The charges of “racist” don’t make much sense…The stories are mostly set in the deep South, in the 60’s but several of them make it plain that McGee had cultivated long-standing friendships in the Black, Mexican and Puerto Rican communities - at a time when that was not really common. He may even have been a bit ahead of his time in this regard. Sexist? Well, he certainly tups his share of wenches, but it always seemed that the ladies came onto him instead of the other way around. If McGee was a male chauvinist oinker a whole bunch of babes didn’t seem to mind :wink: Heck, he sometimes got laid four or five times in one fairly short book.

T. McGee was no white-hat two-dimensional character, he was lazy, moody, sometimes dishonest, “wary of all forms of permanence”, unlikely to ever have a golf handicap or be elected to public office, afraid of commitment, and had several shortcomings as well. Overall, I think John D. McDonald (within the limits of the genre) drew a very believable and sympathetic character, which probably accounts for the books lasting popularity.

Incidentally, McDonald was an amazingly prolific author, and wrote a lot more than just the McGee series. Some of his other books are quite good as well… Please Write for Details and Condominium come especially to mind.

Matt Helm was a really good sniper and spy. :wink: That rifle got hm out of a lot of trouble. I love this genre and have read quite a few in the Travis McGee series. There’s a few I never got around too. I’ll get to them all eventually.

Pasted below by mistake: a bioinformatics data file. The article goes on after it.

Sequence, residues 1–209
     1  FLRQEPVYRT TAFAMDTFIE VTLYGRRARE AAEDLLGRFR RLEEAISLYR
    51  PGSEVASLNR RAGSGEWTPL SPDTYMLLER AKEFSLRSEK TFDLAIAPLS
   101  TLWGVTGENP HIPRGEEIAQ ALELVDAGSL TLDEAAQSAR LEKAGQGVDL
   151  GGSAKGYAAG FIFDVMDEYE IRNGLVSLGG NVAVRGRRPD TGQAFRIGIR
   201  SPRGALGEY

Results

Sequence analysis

Matt was working for Uncle Sam, er, well, Mac, and Trav was working for Travis McGee. :slight_smile:

A pleasure to find Hamilton readers!

Perhaps I should accuse MacDonald of being a racist, but again, it is a thing of the time. He was probably quite liberal for the time.

Is Florida the deep South? I think more on nearby Mississippi, Alabama and Georgia.
I see Florida as more of a resort and gangster paradise, as in Bogart’s Key Largo.

Florida is a strange place where the further North you go, the more Southern it gets.

McGee was a friend to everyone, regardless of race, color, or creed—unless, of course, the other person was a low-life, in which case he had no sympathy for him/her whatsoever (in The Scarlet Ruse, he realized he was sleeping with a murderer and didn’t shed a tear when she bought it). And yeah, the chicks came to him; he never had to coerce any of them into having sex. When they did end up in the sack, it was entirely by mutual consent.

All in all, a man I’d look up to!

Wow… in these “Travis McGee” novels y’all have been reading… what color is the sky? (And no, don’t say “a dreadful lemon color.”)

Seriously, I can’t connect many of these comments to the novel series, which I know forwards and backwards for reasons beyond being a reader/fan. They strike me much like the simplistic “Heinlein is a fascist” strain of literary crit - stemming from a shallow reading of part of the series.